The United States Court of Appeals for the District of Columbia Circuit yesterday released an opinion rejecting a Due Process challenge to 4-member courts-martial.  Sanford v. United States, No. 08-5402 (D.C. Cir. Nov. 13, 2009). The opinion is available here.  Judge Rogers wrote for a unanimous panel.

The lion’s share of the opinion is devoted to discussing the standard of review for collateral challenges to court-martial convictions where the servicemember is no longer in custody.  The case law governing this situation — as well as the case law governing the standard where the servicemember remains in custody — is muddled.  But the D.C. Circuit ultimately concluded that even applying the least deferential standard, former Marine Corps Sergeant Sanford’s claim would fail.  (That reminds me — in the opinion, the D.C. Circuit chose to refer to the Navy-Marine Corps Court of Criminal Appeals with the shorthand “Marine Corps Court.)

The court went on to reiterate Supreme Court precedent that the Sixth Amendment doesn’t apply to courts-martial and rejected a direct application of Ballew v. Georgia, 435 U.S. 223 (1978), to the military justice system.  The court applied the Weiss due process standard instead.  See Weiss v. United States, 510 U.S. 163 (1994).  The court held that the challenge to 4-member special courts-martial failed the Weiss standard that the factors supporting the challenge must be “so extraordinarily weighty as to overcome the balance struck by Congress.”  Id. at 177-78.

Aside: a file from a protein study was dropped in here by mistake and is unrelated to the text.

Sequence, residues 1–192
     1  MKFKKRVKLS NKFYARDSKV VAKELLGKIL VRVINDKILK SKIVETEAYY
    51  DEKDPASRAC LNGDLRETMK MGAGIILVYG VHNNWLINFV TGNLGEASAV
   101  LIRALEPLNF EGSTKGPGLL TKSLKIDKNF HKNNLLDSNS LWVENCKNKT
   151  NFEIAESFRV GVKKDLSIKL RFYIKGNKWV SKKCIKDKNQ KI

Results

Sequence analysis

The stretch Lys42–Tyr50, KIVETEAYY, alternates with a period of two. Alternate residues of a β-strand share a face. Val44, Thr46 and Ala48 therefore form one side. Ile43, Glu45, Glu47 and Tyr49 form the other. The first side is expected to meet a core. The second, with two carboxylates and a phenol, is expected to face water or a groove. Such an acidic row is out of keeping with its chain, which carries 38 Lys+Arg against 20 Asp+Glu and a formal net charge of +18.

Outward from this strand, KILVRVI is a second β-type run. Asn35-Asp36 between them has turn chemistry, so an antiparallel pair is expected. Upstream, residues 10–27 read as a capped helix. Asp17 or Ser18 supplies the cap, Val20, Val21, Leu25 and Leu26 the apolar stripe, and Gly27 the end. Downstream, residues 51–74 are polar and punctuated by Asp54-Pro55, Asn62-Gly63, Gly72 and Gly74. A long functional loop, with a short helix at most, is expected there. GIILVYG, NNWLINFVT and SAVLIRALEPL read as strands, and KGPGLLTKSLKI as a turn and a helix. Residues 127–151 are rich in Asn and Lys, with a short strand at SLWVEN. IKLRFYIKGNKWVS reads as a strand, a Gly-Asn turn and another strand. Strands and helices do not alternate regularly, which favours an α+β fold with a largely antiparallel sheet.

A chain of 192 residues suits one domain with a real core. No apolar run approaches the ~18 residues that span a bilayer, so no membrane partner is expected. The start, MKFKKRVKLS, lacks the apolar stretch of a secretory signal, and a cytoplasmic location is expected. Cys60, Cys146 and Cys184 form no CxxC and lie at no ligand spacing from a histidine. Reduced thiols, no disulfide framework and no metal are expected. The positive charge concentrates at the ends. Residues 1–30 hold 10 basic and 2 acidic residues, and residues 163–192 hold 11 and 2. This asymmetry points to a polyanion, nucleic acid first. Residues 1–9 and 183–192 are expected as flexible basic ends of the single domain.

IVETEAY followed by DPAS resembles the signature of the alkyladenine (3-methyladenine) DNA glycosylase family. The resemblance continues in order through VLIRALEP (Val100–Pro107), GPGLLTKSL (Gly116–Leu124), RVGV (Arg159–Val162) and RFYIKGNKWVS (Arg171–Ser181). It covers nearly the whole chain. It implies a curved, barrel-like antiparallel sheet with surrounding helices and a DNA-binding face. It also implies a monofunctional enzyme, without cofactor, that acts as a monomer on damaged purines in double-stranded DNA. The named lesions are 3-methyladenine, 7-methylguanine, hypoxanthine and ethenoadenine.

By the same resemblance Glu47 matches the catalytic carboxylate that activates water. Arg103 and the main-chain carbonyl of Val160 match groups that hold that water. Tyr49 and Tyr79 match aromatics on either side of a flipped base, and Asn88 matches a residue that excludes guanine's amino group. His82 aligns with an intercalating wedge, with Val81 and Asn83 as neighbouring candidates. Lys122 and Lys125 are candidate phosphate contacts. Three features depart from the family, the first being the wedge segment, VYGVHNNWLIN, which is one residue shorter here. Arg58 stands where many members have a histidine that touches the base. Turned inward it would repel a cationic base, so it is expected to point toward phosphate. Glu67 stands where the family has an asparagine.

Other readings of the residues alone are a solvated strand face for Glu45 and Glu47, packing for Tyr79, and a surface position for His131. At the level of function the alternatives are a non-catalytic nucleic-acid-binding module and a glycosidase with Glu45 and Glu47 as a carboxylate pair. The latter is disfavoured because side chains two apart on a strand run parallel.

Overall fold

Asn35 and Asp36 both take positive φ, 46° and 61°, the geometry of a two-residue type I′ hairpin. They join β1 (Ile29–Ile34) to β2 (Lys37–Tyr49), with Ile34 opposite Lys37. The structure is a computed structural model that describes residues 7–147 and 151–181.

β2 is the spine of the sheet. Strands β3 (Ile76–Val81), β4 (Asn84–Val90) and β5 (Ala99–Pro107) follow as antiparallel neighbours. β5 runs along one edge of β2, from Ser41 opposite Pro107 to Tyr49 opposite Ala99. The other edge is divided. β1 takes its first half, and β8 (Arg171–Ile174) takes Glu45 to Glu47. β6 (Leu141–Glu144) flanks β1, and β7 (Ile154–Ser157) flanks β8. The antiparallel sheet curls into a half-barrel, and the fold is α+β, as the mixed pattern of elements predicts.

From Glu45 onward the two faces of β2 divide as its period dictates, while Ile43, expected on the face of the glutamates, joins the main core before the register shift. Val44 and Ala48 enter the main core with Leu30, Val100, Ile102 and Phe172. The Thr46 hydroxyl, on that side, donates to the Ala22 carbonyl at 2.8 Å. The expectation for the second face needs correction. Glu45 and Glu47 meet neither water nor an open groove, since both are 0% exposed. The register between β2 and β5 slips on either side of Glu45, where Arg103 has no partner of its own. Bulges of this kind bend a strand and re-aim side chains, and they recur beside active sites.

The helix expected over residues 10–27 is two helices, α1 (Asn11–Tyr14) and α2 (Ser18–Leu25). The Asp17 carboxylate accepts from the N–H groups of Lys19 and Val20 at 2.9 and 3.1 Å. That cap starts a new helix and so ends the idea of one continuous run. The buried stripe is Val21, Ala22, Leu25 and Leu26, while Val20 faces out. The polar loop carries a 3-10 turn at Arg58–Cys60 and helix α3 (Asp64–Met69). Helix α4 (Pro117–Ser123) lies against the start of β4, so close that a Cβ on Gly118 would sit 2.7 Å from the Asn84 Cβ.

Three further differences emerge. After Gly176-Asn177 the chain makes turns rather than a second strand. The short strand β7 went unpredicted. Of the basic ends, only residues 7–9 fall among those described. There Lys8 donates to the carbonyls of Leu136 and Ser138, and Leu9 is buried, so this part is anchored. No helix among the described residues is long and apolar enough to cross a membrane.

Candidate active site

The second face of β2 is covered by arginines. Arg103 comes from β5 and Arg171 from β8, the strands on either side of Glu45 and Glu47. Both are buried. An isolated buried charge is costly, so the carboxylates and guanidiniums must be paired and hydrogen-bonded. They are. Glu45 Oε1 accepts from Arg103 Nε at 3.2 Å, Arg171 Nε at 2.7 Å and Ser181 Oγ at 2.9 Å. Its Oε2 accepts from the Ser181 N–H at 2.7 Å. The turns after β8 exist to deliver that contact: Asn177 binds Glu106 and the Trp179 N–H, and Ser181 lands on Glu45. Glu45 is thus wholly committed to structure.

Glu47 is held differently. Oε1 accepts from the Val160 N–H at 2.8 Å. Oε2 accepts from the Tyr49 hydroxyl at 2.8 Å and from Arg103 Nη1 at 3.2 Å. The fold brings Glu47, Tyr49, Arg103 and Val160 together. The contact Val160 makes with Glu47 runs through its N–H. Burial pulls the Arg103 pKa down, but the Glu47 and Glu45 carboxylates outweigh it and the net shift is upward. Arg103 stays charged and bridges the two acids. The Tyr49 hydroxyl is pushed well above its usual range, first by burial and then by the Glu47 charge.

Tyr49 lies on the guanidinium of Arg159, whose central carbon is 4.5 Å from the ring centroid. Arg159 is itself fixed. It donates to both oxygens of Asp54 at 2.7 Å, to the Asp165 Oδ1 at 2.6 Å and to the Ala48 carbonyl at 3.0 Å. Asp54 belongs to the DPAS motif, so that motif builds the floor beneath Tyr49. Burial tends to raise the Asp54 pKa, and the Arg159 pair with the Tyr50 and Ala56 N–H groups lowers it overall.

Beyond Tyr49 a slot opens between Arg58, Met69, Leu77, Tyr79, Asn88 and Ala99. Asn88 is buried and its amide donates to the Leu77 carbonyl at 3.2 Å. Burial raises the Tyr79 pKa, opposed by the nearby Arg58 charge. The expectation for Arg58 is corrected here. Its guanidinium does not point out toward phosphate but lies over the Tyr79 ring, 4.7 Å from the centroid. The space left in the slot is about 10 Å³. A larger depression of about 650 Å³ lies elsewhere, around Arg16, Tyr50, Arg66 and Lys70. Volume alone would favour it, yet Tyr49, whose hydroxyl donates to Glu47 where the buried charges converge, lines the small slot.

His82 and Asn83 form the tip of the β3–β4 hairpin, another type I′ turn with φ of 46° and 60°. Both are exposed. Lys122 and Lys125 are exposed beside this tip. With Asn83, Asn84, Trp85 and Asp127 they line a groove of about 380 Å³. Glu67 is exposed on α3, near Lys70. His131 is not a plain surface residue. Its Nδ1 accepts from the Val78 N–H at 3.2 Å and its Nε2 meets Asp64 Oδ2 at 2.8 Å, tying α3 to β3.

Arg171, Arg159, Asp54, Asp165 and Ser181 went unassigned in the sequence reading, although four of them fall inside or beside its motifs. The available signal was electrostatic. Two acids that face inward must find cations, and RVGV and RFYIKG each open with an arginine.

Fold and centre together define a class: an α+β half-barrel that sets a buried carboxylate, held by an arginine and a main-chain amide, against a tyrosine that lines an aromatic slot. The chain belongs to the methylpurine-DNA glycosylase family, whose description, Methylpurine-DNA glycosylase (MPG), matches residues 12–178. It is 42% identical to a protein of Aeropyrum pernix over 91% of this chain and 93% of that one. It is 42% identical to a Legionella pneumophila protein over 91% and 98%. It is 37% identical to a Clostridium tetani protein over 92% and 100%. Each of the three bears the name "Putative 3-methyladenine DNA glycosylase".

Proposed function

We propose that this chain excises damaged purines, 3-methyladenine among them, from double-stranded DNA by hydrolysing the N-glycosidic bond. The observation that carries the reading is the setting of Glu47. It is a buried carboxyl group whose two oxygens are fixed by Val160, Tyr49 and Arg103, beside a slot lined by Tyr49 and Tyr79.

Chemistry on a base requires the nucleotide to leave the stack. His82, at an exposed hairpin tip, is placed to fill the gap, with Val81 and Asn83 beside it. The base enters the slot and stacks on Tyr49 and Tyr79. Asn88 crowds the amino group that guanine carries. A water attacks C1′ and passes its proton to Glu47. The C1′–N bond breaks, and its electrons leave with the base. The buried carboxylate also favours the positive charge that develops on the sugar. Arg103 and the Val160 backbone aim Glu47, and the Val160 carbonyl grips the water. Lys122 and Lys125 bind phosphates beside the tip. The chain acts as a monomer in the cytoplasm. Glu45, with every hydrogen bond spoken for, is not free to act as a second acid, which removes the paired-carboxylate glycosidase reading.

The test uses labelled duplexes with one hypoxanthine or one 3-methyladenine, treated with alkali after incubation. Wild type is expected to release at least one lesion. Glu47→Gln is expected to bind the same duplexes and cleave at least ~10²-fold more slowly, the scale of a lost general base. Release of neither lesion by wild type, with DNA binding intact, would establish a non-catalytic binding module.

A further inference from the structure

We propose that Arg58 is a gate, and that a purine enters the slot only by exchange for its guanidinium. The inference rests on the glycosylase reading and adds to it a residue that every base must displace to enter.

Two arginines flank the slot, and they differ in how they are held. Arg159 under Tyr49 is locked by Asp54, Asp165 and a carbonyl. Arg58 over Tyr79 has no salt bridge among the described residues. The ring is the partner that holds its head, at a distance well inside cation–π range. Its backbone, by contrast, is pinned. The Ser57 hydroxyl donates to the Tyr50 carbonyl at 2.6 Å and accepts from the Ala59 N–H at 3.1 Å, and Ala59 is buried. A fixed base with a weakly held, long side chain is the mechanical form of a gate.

Our very own Kabul Klipper has written an article presenting a history-based challenge to allowing SPCMs with fewer than five members to impose more than six months of confinement.  Marcus N. Fulton, Never Have So Many Been Punished So Much by So Few: Examining the Constitutionality of the New Special Court-Martial, Army Law., June 2003, at 28 (available here).  The D.C. Circuit alluded to the historical analysis and observed that “[h]istory is ‘a factor that must be weighed’ in the due process analysis.’  Weiss, 510 U.S. at 179.”  But, the court then concluded, “Sanford acknowledges that the absence of historical precedent is not enough for him to succeed.”

Former Sergeant Sanford is repersented by the same team of Gene Fidell and Matt Freedus who prevailed at the Supreme Court in Denedo v. United States.  It will be interesting to see if they attempt to repeat their feat by seeking cert.

15 Responses to “D.C. Circuit rejects challenge to 4-member SPCMs”

  1. John O'Connor says:

    Sometimes easy cases make good law.